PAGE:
As a graffiti technique, it's awesome and commendable, if not legal. But once this technique is being applied (indirectly funded the most wealthy individual on earth) to plaster Xbox logos on sidewalks, it's clearly vandalism that should be prosecuted to the maximum extent possible. Both the "artist" and the agencies who hired him should be forced to pay for the the washing-off of the surrounding areas to completely erase these logos from the public spaces they were placed in, just like the real graffiti artists who get caught sometimes are forced to pay to remove their paint. It's only fair.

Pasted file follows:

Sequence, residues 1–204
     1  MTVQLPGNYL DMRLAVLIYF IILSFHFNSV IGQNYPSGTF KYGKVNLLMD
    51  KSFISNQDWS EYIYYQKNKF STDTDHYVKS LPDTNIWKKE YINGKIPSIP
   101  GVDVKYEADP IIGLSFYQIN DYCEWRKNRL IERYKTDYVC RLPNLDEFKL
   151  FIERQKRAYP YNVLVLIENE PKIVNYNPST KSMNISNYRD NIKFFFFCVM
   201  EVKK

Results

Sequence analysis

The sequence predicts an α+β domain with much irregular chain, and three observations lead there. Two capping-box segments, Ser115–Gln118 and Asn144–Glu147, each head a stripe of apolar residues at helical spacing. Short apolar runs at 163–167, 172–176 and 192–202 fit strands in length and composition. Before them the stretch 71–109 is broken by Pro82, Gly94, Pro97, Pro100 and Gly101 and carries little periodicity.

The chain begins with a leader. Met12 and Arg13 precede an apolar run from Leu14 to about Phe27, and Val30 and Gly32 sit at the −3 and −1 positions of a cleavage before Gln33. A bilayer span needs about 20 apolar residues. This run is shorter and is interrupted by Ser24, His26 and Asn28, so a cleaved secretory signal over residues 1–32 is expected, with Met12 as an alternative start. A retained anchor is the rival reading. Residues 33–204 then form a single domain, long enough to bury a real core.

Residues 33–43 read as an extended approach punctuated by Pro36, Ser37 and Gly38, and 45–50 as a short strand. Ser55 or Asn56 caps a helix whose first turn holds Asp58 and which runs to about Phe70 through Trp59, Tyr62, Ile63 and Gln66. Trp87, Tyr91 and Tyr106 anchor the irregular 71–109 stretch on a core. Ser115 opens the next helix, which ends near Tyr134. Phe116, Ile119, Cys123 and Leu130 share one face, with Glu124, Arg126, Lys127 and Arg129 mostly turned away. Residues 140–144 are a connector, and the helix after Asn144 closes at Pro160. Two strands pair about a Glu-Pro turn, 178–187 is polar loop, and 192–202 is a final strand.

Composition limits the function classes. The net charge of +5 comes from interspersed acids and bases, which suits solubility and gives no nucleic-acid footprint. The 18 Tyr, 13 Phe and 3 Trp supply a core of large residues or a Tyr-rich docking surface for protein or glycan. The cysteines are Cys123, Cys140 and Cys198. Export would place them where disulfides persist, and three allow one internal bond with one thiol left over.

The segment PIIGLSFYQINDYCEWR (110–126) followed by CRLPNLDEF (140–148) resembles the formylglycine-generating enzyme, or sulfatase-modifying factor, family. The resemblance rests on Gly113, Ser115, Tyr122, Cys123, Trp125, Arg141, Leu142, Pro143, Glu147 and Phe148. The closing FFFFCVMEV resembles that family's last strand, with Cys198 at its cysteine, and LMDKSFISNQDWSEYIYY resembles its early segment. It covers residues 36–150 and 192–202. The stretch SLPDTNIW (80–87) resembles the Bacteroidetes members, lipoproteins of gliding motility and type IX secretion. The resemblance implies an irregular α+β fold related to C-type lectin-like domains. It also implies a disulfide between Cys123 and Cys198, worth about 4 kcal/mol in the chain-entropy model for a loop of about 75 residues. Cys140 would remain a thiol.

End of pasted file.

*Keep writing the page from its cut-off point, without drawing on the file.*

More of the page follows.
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is it vandalism or art or bad advertising? depends on how you feel about graffiti to begin with. this is still graffiti, but it’s an innovative method to graffiti. there are other new methods out there, too –

some graffiti artists are using acid etching tools to permanently mark the subway windows in nyc — is this closer to vandalism than soap graffiti?

what about agit-prop graffiti? there’s still a marketing message behind that.

other artists are using SMS and a projector — not permanent, are we close to art now?

but what about when Jack Liberties beamed the batsignal onto a building to promote the batman movie? — is that art? is that some schmuck spoiling spaces for a buck?